Corporate Social Responsibility
In the past, it used to be called civic engagement or simply neighbourhood help, but today people prefer to fall back on less outdated terms such as “corporate social responsibility” or “corporate citizenship” when companies are active in the environmental and social fields. The increasing discussion about corporate social responsibility is also increasing their involvement in social projects, which are often portrayed as altruistic in Sunday speeches.
In contrast to the 1990s, when shareholder value was the top priority, most companies today include all interest groups in their corporate objectives and pursue a more holistic stakeholder dialogue. This is because many sectors of the economy have recognized that they can shape and influence their direct environment through CSR programs – without expensive advertising campaigns. However, an interference of the legislator for the purpose of uniform standards in this mostly altruistically praised commitment is not desired, because every company wants to determine the degree of responsibility for itself.
Internal company initiative often leads to public commitment
In “social volunteering”, companies assign their employees to work for a non-profit cooperation partner for one or more days. For example, management consultants swap their suits for painters’ coats and renovate a kindergarten or create a wetland biotope in a primary school. Volunteer agencies act as intermediaries between companies and institutions in need of help. These agencies then find a suitable cooperation partner in the respective region for the requests and offers of a company.
Monika Nitsche, head of the Munich agency “Tatendrang”, observes that it is mainly companies from the consulting and communication sectors that ask for “Social Days”. The initiative for a social commitment usually comes from a special working group of the workforce or directly from the marketing department of a company.
Sustainable bonds and long-term commitment
The Munich-based volunteer agency itself benefits from the principle of “corporate volunteering”, because as a pro bono client of an advertising agency, its own level of awareness could be increased enormously through a new web presence. Under the slogan “Donate time instead of money”, Tatendrang organizes, for example, the bookmark campaign, supports a resettlement program of the city of Munich and organizes the annual “Marketplace of Good Business Munich”, according to its own presentation, a “speed dating” for non-profit organizations with companies. At this event the local economy offers time donations for good causes.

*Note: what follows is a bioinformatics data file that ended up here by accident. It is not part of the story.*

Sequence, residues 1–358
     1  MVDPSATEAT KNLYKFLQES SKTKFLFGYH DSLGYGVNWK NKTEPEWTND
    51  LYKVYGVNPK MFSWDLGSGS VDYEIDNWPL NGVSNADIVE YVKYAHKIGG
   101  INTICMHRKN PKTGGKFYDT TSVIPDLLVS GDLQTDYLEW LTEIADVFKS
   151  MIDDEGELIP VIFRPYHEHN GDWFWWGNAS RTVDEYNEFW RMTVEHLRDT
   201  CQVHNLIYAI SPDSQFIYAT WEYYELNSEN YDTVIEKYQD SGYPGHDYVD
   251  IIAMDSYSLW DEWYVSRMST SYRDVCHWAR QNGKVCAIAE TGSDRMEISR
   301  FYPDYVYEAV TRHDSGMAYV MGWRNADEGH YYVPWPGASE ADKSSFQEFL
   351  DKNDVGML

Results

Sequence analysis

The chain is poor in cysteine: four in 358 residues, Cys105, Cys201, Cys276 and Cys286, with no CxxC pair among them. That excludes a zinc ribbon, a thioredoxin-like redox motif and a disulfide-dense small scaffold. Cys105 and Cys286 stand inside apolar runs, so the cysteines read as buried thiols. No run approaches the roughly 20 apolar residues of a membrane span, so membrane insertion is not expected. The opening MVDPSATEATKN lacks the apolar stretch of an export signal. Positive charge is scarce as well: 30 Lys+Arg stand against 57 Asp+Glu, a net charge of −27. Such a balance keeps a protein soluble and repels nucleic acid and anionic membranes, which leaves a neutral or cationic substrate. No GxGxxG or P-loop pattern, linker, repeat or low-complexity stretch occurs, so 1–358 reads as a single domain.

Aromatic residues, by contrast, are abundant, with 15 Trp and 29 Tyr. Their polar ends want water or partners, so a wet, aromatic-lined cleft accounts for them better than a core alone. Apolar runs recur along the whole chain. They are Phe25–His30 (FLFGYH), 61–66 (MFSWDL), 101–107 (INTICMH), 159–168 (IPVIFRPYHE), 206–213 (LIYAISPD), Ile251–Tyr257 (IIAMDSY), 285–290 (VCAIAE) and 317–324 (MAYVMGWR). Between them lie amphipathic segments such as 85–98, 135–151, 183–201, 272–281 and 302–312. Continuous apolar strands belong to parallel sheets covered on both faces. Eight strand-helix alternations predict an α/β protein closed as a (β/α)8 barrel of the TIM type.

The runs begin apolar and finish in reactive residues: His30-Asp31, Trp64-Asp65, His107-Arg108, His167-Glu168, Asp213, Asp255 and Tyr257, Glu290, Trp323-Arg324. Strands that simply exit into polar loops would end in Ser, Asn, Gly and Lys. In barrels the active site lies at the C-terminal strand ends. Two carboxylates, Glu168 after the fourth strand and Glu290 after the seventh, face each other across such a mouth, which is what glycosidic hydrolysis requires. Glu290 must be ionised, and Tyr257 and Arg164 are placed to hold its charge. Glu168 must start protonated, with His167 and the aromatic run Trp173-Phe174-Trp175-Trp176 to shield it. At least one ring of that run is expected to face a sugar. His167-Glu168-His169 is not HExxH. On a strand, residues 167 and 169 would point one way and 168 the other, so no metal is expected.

This often results in a long-term cooperation that goes beyond a one-time assignment of a company and is also continued in the private sphere of the employees. These ties are especially important to Monika Nitsche: “We do not support zapping in the social sector, but always want to show the perspective of a long-term partnership. The interests of the non-profit sector are paramount, which is why there is no room for events in our company”.
Self-interest and common good
When asked whether, in times of economic crisis, many a company that has acquired a bad image during the crisis wants to polish up its own reputation in the public eye through social commitment, Monika Nitsche admits: “Of course we question the motivation of companies. At the same time, it is clear to us that the companies see a concrete benefit in their CSR strategy”. But ultimately, the non-profit cooperation partners are free to choose whether or not they want to work with an investment bank or a telecommunications company.
At the end of the day, the only thing that matters is the number of hours of the service provided. And unlike in the real economy, this cannot be converted into money. Because all work has the same value and represents a sustainable commitment to society.
Author: Manuel Boecker https://www.jobware.de/Karriere/Corporate-Social-Responsibility.html